Misting of Newtonian liquids in forward roll coating

Michael S. Owens, Madhu Vinjamur, L. E. Scriven, C. W. MacOsko

Research output: Contribution to journalArticlepeer-review

11 Scopus citations


Misting of Newtonian liquids, in the film-split region of two counter rotating rigid and deformable cylinders was visualized with standard and high-speed cameras. Flow instabilities begin with ribbing and eventually lead to generation of air-borne droplets called mist. As speed was raised, a uniform film thickness evolved into one with ribs, which evolved into continuous sheets of liquid extending downstream of the gap between the cylinders. The edge of each sheet formed a rim whose two ends were attached to the ribs on the cylinders. Still images via high-speed photography revealed a new mechanism for mist generation: the sheets extended downstream, became unstable and ruptured to produce air-borne droplets. A droplet time-of-flight measurement technique quantified the effect of process settings (speed and speed ratio) and material properties (viscosity and surface tension) on droplet size, count, and mass concentration of mist.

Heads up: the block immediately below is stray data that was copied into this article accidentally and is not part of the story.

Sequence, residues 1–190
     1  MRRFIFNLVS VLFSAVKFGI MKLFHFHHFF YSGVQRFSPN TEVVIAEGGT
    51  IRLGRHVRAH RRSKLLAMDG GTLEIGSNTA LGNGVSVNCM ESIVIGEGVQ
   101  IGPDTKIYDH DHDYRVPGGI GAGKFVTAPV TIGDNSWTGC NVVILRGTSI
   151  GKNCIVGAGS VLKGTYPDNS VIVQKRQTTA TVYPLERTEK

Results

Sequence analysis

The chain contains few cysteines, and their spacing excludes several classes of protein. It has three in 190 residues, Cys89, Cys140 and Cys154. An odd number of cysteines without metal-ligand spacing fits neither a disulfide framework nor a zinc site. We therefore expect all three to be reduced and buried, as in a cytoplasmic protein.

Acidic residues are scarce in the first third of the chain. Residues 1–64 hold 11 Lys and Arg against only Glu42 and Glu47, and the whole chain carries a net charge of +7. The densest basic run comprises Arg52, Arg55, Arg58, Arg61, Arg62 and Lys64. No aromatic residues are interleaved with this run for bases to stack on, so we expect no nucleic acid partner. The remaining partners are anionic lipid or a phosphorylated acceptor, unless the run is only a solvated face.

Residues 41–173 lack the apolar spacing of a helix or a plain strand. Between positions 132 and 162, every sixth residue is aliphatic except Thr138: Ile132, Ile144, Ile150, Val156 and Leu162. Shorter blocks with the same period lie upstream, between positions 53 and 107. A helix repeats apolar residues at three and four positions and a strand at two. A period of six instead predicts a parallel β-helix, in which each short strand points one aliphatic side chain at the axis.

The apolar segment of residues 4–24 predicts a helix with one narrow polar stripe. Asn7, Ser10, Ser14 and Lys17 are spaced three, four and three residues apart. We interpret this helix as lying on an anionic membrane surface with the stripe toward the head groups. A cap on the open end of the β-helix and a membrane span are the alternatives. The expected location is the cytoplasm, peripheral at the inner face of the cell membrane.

Original languageEnglish (US)
Pages (from-to)3212-3219
Number of pages8
JournalIndustrial and Engineering Chemistry Research
Issue number6
StatePublished - Mar 16 2011


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